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I'm trying to clean a collection of entities (that is, a table, in the relational jargon), those entities are instances of Color, and I want to run a script that uses Doctrine 2 to delete all unreferenced Color's. The problem is that Color is referenced by many other entities in the system. So, I could think of two choices:

  1. Iterate over all colors and check manually for each one if exists references to a specific Color on other entities on my system, and, if there is no reference, delete it.
  2. Iterate over all colors and try to delete one, and, if there is a reference to that color, catch the exception trowed by EM caused by Integrity constraint violation, so, I do ignore the failed color and continue with next.

Obviously, the second choice is more simple than the first one, so I've tried that. The problem I had is that, when an entity removing fails, EM throw an exception, but also close the Entity Manager and I cannot use it anymore to delete the remaining colors!

I check commit method for UnitOfWork class at Doctrine 2 and in fact...

try {
    ... //Execute queries

} catch (Exception $e) {

    throw $e;

Is there any way to accomplish what I'm trying to do (maybe reopening Entity Manager)?
Do you believe that there is any better way?
Why Doctrine has this behaviour?

Also please note that I'm using Doctrine 2 with Symfony 2

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2 Answers 2

Ideally, you would define orphanRemoval in your relations so you wouldn't need to bother with the removal. Other than that I can think of 3 solutions right now..

First, do you use CASCADE in ON DELETE when referencing colors table?


If you do use CASCADE I would suggest implementing Doctrine's batch processing as described here: BULK DELETE but here your $batchSize would be exactly 1.


I, somehow, see the above solution as not-so-efficient and you could also achieve this by:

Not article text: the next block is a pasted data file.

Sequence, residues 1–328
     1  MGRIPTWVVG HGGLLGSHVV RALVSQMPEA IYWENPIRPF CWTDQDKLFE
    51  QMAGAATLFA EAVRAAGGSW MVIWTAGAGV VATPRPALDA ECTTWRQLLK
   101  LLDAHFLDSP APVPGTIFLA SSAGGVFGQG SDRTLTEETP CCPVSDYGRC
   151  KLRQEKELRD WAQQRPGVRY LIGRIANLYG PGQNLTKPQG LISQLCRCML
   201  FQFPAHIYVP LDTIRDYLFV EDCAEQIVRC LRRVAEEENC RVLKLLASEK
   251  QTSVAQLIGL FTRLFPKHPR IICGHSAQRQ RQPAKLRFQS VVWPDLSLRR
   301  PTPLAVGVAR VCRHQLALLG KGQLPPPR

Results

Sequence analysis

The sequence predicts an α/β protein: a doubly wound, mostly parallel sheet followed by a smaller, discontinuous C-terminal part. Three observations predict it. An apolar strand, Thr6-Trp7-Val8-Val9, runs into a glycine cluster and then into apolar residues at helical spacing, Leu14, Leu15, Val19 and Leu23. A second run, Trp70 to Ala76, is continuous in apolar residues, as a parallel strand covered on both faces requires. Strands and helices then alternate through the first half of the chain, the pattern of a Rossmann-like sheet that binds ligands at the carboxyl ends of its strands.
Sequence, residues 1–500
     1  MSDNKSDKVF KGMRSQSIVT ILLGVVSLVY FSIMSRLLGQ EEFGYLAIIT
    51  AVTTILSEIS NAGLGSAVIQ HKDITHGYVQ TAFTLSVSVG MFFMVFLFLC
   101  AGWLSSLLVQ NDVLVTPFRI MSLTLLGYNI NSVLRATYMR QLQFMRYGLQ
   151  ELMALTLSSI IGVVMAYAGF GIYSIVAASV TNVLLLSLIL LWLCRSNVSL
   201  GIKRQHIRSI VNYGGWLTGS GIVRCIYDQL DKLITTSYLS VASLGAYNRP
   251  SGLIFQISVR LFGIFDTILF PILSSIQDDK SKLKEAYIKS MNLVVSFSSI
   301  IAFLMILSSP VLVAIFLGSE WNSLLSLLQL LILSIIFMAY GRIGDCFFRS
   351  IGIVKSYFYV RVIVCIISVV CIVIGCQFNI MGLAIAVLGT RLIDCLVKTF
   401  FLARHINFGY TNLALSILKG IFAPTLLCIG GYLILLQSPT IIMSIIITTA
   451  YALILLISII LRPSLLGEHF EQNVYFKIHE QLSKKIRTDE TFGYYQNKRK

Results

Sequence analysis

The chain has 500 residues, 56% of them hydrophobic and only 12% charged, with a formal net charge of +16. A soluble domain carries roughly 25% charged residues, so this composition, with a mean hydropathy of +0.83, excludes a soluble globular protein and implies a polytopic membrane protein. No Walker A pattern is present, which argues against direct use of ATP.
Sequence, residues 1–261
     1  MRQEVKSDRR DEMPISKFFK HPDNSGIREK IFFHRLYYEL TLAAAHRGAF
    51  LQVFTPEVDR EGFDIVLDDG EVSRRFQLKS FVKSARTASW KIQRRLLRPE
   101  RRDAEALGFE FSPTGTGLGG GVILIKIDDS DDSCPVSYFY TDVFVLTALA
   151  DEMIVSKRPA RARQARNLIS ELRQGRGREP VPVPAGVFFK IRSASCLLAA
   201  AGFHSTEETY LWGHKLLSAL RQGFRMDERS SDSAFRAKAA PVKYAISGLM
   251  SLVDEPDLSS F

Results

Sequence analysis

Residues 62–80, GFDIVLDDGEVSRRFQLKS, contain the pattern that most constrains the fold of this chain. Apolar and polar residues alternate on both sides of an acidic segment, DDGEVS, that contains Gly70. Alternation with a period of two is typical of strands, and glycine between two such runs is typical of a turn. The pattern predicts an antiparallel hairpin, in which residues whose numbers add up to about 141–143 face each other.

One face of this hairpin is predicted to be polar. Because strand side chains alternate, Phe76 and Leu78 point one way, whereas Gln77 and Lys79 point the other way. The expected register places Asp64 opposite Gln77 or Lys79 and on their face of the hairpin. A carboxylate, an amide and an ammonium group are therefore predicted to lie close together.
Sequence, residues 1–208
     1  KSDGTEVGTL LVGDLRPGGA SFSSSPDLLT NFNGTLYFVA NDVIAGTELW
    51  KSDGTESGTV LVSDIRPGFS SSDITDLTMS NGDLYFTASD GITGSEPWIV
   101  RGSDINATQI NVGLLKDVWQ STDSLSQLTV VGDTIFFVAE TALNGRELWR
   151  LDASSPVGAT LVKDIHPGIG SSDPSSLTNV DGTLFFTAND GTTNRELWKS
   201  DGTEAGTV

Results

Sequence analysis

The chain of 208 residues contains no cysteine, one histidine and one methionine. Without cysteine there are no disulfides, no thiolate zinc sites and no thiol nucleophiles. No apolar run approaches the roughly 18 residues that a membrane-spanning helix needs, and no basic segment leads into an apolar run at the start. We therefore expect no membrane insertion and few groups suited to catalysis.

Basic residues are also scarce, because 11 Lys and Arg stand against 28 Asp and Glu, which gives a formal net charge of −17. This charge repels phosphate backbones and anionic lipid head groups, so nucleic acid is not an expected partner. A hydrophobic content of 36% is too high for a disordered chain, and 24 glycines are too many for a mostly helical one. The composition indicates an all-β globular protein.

• Going through the entities that reference the Color entity and collect id of Color into the array.
  • If that array is not empty, execute: DELETE FROM AcmeDemoBundle:Color c WHERE c.id IN (:ids) and set ids parameter as usual.


There is another solution if you do not use CASCADE. You could execute raw sql:


Here, referenced colors would not be deleted and would fire an error but due to IGNORE it would end up only as warning.

Hope some of this helps....

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Thanks for your solutions, really I should not use cascade delete or orphanRemoval because I don't really want to delete all the time the orphan colors. I think I should have mentioned it before, but the task is executed once for database clean purpose, so, I going to figure out the third solution, well, maybe I loose DBMS portability, luckily DBMS requirements are already defined! :) –  eagleoneraptor Oct 11 '12 at 12:17
Ah yes... in that case 2) is best suited for you... :) –  Jovan Perovic Oct 11 '12 at 13:39

Something like this:

// somewhere in ColorRepository.php

    ->leftJoin("o.Relation1", "r1")
    ->leftJoin("o.Relation2", "r2)
    ->where("r1 IS NULL AND r2 IS NULL")
    ->delete() ;

This should load your entities (Color) only if they don't have relations with r1 and r2 anymore and delete them.

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this is an interesting solution, although, you would need to have inverse relations to all the entities within Color entity... right? –  Jovan Perovic Oct 11 '12 at 8:14
Thanks, but by model design, I should not use all Color inversed relations. –  eagleoneraptor Oct 11 '12 at 12:09
Yes. I know that doctrine docs say it is not required but I always put them as I find them very, very usefull. –  Zeljko Oct 11 '12 at 12:11
The reason I always put both sides is like this example: Category hasMany Products. By putting both sides defined, I can read Products from category but also, if I list products, I can read its category like $product->getCategory()->getTitle() or $product->getCategoryTitle() ; –  Zeljko Oct 11 '12 at 12:16

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